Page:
In an already challenged life, it is transition time again. It is, for many cancer survivors, difficult to grant ourselves permission to be well. It just takes such a long time. "A long time" should be old hat by now. Should be comfortable and familiar.
I waited a long time for Mother to get through her widowhood and the War and the recovery of her children to get us to a normal life with a new husband and a new baby. For four years I waited. From the time I was three and a half years old until I was a month and a week shy of my eighth birthday, i waited for my family to be whole again. I waited in an orphanage with care and a "family" of 97 other kids, all waiting. In that time I grew to understand that there was no better, no other, choice. A widow with three kids in a time of war did what she had to do.
She made ammunition for the Navy, supervising hundreds of very young women dealing daily with nitro and sulphur. Sometimes the place exploded and the on-site hospital was full of injured girls. Sometimes they died. Many of them, including my mother, suffered powder poisoning from inhaling gunpowder blown around the whole plant by huge fans to keep the air circulating, since there was no air conditioning then. While she was doing the best she could...and these women were well paid...my brothers and I, all young, were trying to understand why we were put away, albeit in a safe place. Small children only want their mother. We could have been ensconced in a palace with a world of toys and ice cream, but without mother, it is meaningless, comfortless and full of heart ache.
I spoke some time ago to a woman who worked in a munitions plant. She said it took her ten minutes to walk the distance from her work station to the bathroom. While she was gone there was an explosion. When she left the bathroom, half the barracks was blown up. While rebuilding her unit, they all went back to work around the reconstruction. In truth, these women were in the middle of hell. They would be a long time waiting for things to improve. And then, at the end of the war, the plants were locked up, the women sent home to farms and small towns and the money stopped. The freedom stopped. The life stopped. They were once again relegated to the non-role of women. They learned you can't go back.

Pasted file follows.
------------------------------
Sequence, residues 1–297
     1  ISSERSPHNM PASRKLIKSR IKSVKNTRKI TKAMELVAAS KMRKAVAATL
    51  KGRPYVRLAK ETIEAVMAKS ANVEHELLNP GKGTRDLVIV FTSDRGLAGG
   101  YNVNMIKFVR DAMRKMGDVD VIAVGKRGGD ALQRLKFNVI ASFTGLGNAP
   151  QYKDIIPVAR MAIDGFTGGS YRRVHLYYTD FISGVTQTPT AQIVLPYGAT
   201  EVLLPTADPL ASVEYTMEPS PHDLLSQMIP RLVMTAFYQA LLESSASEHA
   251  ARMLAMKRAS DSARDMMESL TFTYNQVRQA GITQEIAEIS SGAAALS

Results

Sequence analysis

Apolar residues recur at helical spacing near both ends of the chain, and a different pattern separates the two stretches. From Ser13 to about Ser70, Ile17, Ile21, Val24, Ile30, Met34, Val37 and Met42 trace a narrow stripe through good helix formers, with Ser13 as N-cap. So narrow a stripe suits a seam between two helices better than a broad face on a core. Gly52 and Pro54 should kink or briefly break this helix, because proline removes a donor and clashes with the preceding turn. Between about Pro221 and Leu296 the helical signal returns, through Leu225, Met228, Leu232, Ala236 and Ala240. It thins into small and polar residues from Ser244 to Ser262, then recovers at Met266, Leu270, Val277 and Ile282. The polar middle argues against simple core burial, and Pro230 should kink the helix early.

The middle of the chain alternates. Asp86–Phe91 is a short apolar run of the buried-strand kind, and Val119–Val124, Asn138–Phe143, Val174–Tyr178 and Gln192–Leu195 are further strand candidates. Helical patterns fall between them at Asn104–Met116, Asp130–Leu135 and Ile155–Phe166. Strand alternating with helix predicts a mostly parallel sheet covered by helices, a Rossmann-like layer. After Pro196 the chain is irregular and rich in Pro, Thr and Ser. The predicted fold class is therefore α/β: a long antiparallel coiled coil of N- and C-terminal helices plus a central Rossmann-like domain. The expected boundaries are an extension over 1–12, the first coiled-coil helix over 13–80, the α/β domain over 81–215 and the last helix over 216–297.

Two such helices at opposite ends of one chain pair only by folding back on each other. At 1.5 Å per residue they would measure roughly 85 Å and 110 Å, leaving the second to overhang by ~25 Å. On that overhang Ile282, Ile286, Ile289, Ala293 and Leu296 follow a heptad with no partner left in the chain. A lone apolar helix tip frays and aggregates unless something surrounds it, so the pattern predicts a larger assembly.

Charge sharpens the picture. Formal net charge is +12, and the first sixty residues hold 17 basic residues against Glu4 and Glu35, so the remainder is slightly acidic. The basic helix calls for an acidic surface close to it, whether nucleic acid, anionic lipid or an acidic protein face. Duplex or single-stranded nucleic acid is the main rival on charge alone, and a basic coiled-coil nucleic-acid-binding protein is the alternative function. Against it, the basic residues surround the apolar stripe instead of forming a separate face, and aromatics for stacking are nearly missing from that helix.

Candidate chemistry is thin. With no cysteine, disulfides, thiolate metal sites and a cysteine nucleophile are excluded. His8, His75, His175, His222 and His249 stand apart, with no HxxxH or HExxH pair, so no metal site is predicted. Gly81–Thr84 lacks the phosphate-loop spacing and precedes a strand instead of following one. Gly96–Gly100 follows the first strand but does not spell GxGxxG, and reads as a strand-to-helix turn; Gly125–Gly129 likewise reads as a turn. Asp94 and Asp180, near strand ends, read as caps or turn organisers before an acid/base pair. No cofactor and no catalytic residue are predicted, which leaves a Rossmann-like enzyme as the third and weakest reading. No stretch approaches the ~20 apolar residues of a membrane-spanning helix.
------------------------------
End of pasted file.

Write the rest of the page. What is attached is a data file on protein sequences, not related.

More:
Many of them were heavily involved with soldiers and sailors gone to war. My mother fell in love with a young blond from a town close to her own. He declined to marry her until, indeed if, he returned from the front. He allowed as how he didn't want to make her a widow for the second time. He swam from the English Channel to the French beach and immediately fell to strafing shrapnel across the water and the sand. He lay there among the dead, trying not to die. He waited three days, a long time bleeding, until the dead truck came and discovered he was alive. They took him off to a French hospital where he spent nine months recovering from his wounds. He waited a long time.
The women at Triumph Explosives were known nationally as the Boom Boom Girls. They often won the production contests for their output. She survived the huge explosion in May of 1942, when five buildings blew up, killing fifteen people outright and injuring many others. Perhaps she was up home to visit her siblings on that weekend. If so, we were with her, for she swung by the orphanage often, so we could visit Gramma Daisy.
Finally home, and hardly healed, he married his sweetheart, got her pregnant and came to the orphanage to claim her children. A life change occurred for all of us. We'd wait a long time for the fallout.
Transitioning from happy toddler to unhappy orphan to freedom and no clue how to be a little girl, took a long time. But to do it we gained a whole town surrounded by open fields that were ours to roam, and in that atmosphere we recovered as best we could from our abandonment. My constant companion was my little brother. From breakfast to dinner time we were on our own in a rural community surrounded by Amish farms, idyllic and serene except for the disappointments and disillusion and danger living in our new home with us. It would affect us, especially me, for a very long time.
Remnants of that time still remain. Childhood never lets go.